With our new LNG station in Waregem, together with Rolande, who lead the Dutch LNG market, we opened our fourth filling station in Belgium today. Combined with our existing filling stations in Antwerp, Habay and Meer, this is another step towards our goal of a comprehensive Belgian LNG network. ‘ An important step towards more sustainable freight transport.’
‘We believe in “greener” transport. It is vital to create a better world,’ says Jolon van der Schuit, CEO at Rolande. ‘LNG is a step in the right direction, but we also want to move on to bio-LNG as fast as possible. That will allow heavy-duty vehicles to reduce their carbon emissions by nearly 100% compared to their traditional diesel. This is an important motivator for us to continue expanding our network.’
Important north-south transport route
Due to requests by multiple large haulage companies, Waregem was next on the list for construction after the locations in Meer, Habay and Antwerp. ‘The new site is situated along the main north-south route for transit transport through Belgium,’ says Xavier Dewulf, CEO at G&V Energy Group. ‘This is the only motorway without restrictions on heavy-duty vehicles in either direction. To make it even easier for our customers to make the switch to more sustainable transport, we will be adding several more important filling stations between this year and the next, including one in Zellik planned to open later this year.’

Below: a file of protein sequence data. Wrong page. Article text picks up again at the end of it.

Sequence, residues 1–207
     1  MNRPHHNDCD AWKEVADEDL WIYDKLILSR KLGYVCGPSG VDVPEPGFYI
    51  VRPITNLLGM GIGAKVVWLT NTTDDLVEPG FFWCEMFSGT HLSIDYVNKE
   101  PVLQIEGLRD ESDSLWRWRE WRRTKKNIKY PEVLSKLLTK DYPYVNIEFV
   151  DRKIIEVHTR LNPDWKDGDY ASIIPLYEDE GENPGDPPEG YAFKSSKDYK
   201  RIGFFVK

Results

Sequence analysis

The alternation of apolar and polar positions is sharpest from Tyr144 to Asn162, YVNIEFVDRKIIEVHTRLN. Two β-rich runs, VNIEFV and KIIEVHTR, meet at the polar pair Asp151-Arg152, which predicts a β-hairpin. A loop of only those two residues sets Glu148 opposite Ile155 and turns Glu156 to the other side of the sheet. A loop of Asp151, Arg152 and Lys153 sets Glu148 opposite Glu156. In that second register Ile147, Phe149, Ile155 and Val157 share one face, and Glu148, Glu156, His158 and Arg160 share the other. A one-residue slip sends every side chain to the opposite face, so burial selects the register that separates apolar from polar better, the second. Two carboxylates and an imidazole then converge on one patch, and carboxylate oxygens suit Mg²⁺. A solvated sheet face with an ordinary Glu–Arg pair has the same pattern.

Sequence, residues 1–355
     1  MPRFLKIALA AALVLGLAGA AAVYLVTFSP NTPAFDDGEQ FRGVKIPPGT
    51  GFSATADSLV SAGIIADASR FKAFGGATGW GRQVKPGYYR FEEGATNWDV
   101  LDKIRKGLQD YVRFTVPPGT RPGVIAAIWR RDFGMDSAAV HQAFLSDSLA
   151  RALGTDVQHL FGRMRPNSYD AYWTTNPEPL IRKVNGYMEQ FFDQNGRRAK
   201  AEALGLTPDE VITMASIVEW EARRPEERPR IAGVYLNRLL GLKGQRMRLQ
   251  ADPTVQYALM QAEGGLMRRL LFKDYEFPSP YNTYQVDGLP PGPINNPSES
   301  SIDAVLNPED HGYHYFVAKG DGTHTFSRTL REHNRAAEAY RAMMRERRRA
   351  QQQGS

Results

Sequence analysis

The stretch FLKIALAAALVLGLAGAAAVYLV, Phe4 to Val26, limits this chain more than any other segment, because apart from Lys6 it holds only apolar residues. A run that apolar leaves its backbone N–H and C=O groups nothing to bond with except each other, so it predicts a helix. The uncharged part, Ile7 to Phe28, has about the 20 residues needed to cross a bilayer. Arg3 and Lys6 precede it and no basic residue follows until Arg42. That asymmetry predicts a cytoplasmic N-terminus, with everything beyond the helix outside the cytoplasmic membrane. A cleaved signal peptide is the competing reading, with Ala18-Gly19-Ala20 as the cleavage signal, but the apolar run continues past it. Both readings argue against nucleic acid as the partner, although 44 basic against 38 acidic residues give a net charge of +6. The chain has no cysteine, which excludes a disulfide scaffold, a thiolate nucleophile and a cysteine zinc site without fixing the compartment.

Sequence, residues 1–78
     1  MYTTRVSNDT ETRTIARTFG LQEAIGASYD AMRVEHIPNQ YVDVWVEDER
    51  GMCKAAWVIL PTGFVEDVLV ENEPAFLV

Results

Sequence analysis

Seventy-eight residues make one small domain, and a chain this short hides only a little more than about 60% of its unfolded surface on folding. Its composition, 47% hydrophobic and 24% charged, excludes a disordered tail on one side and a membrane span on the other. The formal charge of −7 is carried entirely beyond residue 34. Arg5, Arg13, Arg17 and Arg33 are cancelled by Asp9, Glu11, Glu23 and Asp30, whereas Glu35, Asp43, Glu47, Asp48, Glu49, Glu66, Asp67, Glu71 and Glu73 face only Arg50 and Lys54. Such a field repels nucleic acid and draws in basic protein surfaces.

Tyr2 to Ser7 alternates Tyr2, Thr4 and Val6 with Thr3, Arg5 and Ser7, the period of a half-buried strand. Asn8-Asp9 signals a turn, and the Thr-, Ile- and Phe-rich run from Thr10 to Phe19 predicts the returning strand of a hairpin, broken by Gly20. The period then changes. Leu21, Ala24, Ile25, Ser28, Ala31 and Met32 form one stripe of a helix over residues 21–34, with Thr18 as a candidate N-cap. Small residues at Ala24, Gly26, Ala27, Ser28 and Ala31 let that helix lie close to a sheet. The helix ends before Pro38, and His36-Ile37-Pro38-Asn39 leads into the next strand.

The new station is a public 24/7 self-service station that includes two pumps for LNG, or liquefied natural gas.
About Rolande and (BIO-)LNG
Rolande is located in Tilburg and leads the way in the innovative use of LNG. The company is committed to more sustainable road transport for a cleaner environment. 'Liquid natural gas' has gained a foothold as a sustainable and affordable alternative to traditional fuels in recent years. Rolande develops, builds and operates its own (bio-)LNG fuel station network across Europe. This currently consists of 22 stations in the Netherlands, Belgium and Germany.
LNG has been available as truck fuel since 2011. Its use can reduce carbon emissions by as much as 17% compared to diesel. When LNG is produced from biogas, it is considered bio-LNG. Bio-LNG can result in carbon emissions savings of 99.8% for heavy duty vehicles compared to Euro 6 diesel.
Another step further in the sustainability story.